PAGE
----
WHD found that "protective equipment worn by employees that is required by law, by the employer, or due to the nature of the job" does not constitute "clothes" under section 203(o). See Alvarez v. IBP, Inc., 339 F.3d 894, 905 n.9 (9th Cir. 2003), aff’d on other grounds, 546 U.S. 21 (2005). As such, time spent donning or doffing such protective equipment is compensable time.

Second, WHD considered whether non-compensable time spent changing clothes is a "principal activity" that begins the "continuous workday."
Generally, donning and doffing, which may include clothes changing, can be a “principal activity” under the Portal to Portal Act, 29 U.S.C. § 254. IBP v. Alvarez, 546 U.S. 21, 30 (2005). The Supreme Court in Alvarez explicitly held that activities that are integral and indispensable are principal activities, and activities occurring after the first principal activity and before the last principal activity, are compensable. Alvarez, 546 U.S. at 37. Thus time spent in donning and doffing activities, as well as any walking and waiting time that occurs after the employee engages in his first principal activity and before he finishes his last principal activity, is part of the “continuous workday” and is compensable under the FLSA. Id. at 37.
WHD sided with the "weight of authority" and found that changing clothes covered by section 203(o) "may be a principal activity. Where that is the case, subsequent activities, including walking and waiting, are compensable."

WHD's web page for Administrator Interpretations is here. You can sign up to receive automated email alerts from DOL here.

Friday, June 11, 2010

Cal. Supreme Court to Review Attorney Work Product Issue

Thank you to Kimberly Kralowec of the UCL Practitioner for noting that the Supreme Court has granted review in Coito v. Superior Court (State of California. The Court of Appeal in Coito held:
written and recorded witness statements, including not only those produced by the witness and turned over to counsel but also those taken by counsel, are not attorney work product. Because such statements are not work product, neither is a list of witnesses from whom statements have been obtained (the list requested by form interrogatory No. 12.3).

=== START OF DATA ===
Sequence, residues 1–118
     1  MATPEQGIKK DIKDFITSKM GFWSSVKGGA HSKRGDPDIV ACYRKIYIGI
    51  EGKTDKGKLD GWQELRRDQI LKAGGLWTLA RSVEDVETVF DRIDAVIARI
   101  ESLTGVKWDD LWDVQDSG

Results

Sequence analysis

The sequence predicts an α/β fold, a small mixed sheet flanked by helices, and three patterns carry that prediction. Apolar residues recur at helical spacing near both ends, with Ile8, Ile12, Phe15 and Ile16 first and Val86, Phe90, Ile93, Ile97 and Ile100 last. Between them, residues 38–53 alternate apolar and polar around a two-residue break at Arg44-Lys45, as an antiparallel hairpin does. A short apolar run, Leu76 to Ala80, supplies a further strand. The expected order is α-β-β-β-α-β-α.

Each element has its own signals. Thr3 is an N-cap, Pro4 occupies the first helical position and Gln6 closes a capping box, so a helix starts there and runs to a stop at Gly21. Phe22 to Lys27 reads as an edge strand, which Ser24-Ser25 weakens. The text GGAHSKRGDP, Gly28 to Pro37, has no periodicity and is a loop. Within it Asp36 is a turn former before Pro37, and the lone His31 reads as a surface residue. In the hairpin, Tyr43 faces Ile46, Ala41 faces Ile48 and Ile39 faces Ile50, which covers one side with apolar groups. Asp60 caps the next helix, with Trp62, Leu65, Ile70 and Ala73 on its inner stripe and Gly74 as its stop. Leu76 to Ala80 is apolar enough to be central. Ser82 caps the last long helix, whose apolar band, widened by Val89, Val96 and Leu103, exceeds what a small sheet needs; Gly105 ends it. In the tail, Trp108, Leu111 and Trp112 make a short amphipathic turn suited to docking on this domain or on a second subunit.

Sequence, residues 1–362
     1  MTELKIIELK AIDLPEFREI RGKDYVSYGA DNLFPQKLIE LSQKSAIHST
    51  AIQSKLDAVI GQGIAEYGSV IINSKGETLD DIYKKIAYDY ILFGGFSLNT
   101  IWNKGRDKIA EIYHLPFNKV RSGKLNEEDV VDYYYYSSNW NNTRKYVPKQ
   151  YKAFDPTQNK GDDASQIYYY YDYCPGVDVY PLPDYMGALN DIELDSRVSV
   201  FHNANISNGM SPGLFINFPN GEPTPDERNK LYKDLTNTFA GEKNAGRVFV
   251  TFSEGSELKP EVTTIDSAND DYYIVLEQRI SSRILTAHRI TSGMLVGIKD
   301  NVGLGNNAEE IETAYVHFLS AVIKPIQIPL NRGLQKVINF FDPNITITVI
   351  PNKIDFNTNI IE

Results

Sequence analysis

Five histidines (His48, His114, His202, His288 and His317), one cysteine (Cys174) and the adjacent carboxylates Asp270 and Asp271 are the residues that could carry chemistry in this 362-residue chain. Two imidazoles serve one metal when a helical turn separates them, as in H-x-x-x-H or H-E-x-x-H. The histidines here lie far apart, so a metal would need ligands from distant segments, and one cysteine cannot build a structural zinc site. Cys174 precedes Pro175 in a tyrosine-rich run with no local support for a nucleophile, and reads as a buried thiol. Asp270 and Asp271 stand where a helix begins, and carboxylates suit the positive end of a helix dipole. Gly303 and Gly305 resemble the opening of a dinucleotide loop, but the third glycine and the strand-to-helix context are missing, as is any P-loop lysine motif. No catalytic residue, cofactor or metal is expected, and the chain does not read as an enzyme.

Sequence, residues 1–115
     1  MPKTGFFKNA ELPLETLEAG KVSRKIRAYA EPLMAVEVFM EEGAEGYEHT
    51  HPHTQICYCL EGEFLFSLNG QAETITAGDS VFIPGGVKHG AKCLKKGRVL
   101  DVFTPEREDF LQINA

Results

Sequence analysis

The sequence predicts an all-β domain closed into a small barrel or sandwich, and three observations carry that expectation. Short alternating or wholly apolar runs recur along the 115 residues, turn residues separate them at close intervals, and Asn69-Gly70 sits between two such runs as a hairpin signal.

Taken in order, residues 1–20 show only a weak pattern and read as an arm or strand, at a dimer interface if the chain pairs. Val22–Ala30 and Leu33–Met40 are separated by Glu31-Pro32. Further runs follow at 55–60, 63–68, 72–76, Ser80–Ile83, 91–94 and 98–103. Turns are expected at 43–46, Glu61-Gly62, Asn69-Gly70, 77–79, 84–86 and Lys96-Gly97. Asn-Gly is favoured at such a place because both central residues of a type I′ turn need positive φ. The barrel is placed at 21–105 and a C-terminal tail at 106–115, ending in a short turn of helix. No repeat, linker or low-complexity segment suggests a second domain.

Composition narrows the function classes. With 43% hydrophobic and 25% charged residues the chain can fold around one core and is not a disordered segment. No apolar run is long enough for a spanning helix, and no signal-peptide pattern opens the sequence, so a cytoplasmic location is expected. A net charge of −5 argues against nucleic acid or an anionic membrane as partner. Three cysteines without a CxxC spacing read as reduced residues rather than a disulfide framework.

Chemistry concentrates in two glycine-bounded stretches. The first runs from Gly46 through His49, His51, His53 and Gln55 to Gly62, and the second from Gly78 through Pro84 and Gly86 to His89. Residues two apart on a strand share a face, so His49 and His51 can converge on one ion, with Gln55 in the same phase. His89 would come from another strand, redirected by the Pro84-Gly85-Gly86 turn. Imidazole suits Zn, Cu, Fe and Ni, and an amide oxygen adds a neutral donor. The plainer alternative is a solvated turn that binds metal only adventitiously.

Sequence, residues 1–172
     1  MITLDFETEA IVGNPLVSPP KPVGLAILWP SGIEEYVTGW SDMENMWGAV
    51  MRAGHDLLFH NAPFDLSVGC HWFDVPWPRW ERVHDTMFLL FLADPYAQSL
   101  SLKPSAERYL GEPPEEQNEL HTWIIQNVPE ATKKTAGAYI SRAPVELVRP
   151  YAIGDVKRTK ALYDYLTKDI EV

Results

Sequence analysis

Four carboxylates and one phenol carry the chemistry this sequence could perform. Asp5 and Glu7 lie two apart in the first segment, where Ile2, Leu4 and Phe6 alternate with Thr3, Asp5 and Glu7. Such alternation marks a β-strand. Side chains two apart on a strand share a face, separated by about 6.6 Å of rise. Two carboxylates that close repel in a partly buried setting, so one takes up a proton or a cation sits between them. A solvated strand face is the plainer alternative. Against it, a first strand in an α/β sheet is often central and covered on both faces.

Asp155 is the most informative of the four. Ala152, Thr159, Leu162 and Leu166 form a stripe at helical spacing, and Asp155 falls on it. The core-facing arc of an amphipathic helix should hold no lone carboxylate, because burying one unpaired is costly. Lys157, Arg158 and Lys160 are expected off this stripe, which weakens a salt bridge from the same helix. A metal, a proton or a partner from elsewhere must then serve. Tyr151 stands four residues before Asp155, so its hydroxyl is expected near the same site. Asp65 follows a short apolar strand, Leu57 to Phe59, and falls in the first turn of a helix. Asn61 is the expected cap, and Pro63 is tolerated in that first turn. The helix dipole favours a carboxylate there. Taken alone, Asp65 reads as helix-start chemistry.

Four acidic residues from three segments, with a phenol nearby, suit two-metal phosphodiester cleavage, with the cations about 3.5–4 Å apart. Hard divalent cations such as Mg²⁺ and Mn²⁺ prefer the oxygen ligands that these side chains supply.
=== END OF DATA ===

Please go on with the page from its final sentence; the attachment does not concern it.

Our post on the Court of Appeal's decision is here, and the Supreme Court's case summary page is here. Although Coito is not a wage and hour or class action case, we deal with these issues frequently, and I have added it to my watch list.

Tuesday, June 1, 2010

Court of Appeal Affirms Decision That Party Waives Right to Compel Arbitration by Participating in Litigation for More than Six Months

In Adolph v. Coastal Auto Sales, Inc. (May 26, 2010) --- Cal.App.4th ----, 2010 WL 2089482, the Fourth District Court of Appeal affirmed a trial court order denying a defendant's motion to compel arbitration of an action under the Consumer Legal Remedies Act ("CLRA"). Cal. Civ. Code 1750 et seq. Citing the trial court, the Court of Appeal held:
[I]t is apparent to the court that defendant's conduct has been inconsistent with an intent to arbitrate. Related to this is the 6 months of delay from the filing of Plaintiff's complaint to the instant petition to compel. In that time period defendant filed two demurrers, accepted and contested discovery request [s], engaged in efforts to schedule discovery, omitted to mark or assert arbitration in its case management statement.
The effect of these inconsistent actions by defendant has resulted in more than merely participating in litigation or expending legal cost[s] but in prejudice to the plaintiff by substantially undermining plaintiff's ability at this late date to take advantage of the benefits and cost savings provided by arbitration. It is clear to the court that defendants intended by their conduct to proceed with their court action. It was only until defendant's second demurrer was overruled that it now request[s] this court that it litigate now in another forum to which all appearances it hopes that it will limit its litigation risk and expense. It will also increase plaintiff's expenses and burdens, having already required plaintiff to expend its efforts and resources in vigorously litigating this case in court. To allow defendant at this time with a trial set for May when it has known of its right to arbitrate this matter since June 2008 yet remained silent until it lost its motion to now go to arbitration would in this court's view cause an unnecessary waste of time and effort to all concerned but more importantly is unfair and prejudicial to plaintiff. Simply put as one court stated "[t]he courtroom may not be used as a convenient vestibule to the arbitration hall so as to allow a party to create his own unique structure combining litigation and arbitration."
Slip op. at 5.